“The first Holy Communion on Earth is conceived as a sacred rite of the greatest happiness for humanity. This rite is expressed with plastic means and not with literary ones. My ambition was to incorporate to Zurbarán’s mystical realism [to] the experimental creativeness of modern painting in my desire to make it classic.”
Le Corbusier, on the other hand, was a Swiss/French architect who in the mid-twentieth century developed The Modulor, intended to be a universal system of proportions. It’s basic “module” is called “the Modulor Man,” who is a six-foot-tall figure proportioned by the golden ratio at his navel. By employing the Modular in his work, Le Corbusier produced many buildings that contained the golden ratio. The system was never widely adopted, however, despite Le Corbusier’s desire to “reconcile maths, the human form, architecture and beauty into a single system.”
All of this creates an interesting dilemma. We know that some recent artists and designers have used the golden ratio (although often in pursuit of mysticism or order, rather than pure aesthetics). Why can't we assume that ancient or even renaissance-era artists did? The fact is, though, most of the golden ratio analysis we're capable of doing today is at best inconclusive, and at worst, entirely misleading.
Take Da Vinci's unfinished work of art, St. Jerome, for example. It's certainly been invoked as an example of his use of the golden ratio. The placement of the rectangle, though, is entirely subjective. Why does it slightly overlap the head and left cloth? Why are there gaps beside his right knee and below his foot? Why measure to include the draping of his clothing at all, rather than only his figure? What is the midline supposed to line up with—his finger? Even barring those complaints, why is his errant hand not included in the box? Paintings, by nature, have countless edges and corners and important points in them. For that reason, overlaying a rectangle is not proof that an artist used the golden ratio.
But to return to the question of using the golden ratio today... the most fascinating thing about the whole golden ratio phenomenon, in my opinion, is that many of the very sources that advocate the use of the golden ratio often deemphasize the need to accurately measure out the ratio. A common refrain in articles explaining “how to design using the golden ratio” is that the “rule of thirds” is a good way to approximate the golden ratio and achieve similar results. (The rule of thirds is a compositional trick that relies on a 1/3 ratio instead of a 1.618 ratio.).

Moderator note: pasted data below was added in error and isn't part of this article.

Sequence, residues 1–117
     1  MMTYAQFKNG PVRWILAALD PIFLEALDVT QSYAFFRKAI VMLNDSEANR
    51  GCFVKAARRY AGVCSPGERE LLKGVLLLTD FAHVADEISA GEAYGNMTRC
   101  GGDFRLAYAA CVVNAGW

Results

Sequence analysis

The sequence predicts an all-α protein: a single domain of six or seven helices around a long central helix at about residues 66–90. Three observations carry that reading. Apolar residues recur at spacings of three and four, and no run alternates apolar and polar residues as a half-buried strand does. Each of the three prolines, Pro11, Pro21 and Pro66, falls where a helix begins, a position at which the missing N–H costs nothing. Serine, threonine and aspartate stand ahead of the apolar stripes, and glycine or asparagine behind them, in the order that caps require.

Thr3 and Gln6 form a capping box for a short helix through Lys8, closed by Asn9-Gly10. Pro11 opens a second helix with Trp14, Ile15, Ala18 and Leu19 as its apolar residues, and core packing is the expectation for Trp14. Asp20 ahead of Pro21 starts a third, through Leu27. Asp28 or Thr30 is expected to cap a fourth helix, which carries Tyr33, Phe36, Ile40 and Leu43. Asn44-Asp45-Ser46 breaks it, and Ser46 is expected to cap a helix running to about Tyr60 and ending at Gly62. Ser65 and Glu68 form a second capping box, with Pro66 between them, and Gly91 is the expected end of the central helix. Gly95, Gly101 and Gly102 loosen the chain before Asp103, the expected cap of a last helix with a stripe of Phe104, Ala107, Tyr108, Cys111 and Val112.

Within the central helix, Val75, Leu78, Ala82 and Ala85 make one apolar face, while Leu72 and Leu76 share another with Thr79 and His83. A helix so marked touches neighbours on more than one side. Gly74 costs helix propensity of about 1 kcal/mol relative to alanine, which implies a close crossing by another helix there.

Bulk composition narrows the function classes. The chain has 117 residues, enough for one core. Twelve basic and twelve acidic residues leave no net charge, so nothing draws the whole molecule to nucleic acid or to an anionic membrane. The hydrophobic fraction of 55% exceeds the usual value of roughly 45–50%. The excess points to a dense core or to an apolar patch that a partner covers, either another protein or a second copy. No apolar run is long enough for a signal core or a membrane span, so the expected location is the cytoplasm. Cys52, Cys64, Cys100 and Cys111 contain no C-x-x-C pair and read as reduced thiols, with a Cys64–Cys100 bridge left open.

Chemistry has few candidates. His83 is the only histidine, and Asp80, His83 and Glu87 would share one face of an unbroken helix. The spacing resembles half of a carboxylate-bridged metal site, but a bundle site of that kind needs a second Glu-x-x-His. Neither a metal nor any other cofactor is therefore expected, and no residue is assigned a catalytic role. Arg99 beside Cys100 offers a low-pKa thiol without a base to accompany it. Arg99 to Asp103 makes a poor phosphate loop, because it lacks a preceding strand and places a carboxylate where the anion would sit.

The rule of thirds, although it’s a proportion not dissimilar to the golden ratio, is completely different from a theoretical perspective. While proponents of the golden ratio argue that its appeal is somehow inherent to the human psyche, the rule of thirds says something more like “arrangements look more natural when the focal point is at neither the center nor the edge of a space.” It’s a lot simpler and less mystical. And offering it as an alternative to the golden ratio calls in to question just how special the golden ratio is.
Although I've made a case against how "special" the golden ratio is often considered to be, I’m inclined to say that there is still a place for it in design—because it’s an attractive number, and because having a library of compositional tricks and rules is conducive to deliberate, intelligent design. What there’s no place for, though, is sensationalizing its importance. The cult of the golden ratio, although admirable for its idealism and its pursuit of harmony and order, ultimately relies in many cases on secondhand facts and unresearched claims.
Despite the interests and obsessions of certain artist, designers, and mathematicians throughout history, it’s unlikely that one number could be the magical solution to aesthetics or beauty. It's still one good-looking number, though, and an interesting one to boot. In the end, my biggest recommendation is, in the face of confusing and contradictory facts, to figure it out for yourself. Test out when the golden ratio helps your work and when it doesn't—and for the love of logarithmic spirals, could someone please do some more scientific studies on this?
I made a list, with summaries, of a whole bunch of science or psychology papers about the golden ratio. You can skim it here to see all the hard evidence—and don't worry, it's a short list.
If you’re looking to use the golden ratio in your designs but not looking to do any math yourself, try a golden ratio calculator here or here.
If you're feeling flush, try splurging on some golden mean calipers. The possibilities are truly endless.
For a laugh or two, see this Twitter parody account that overlays the golden spiral on pictures and memes from popular culture.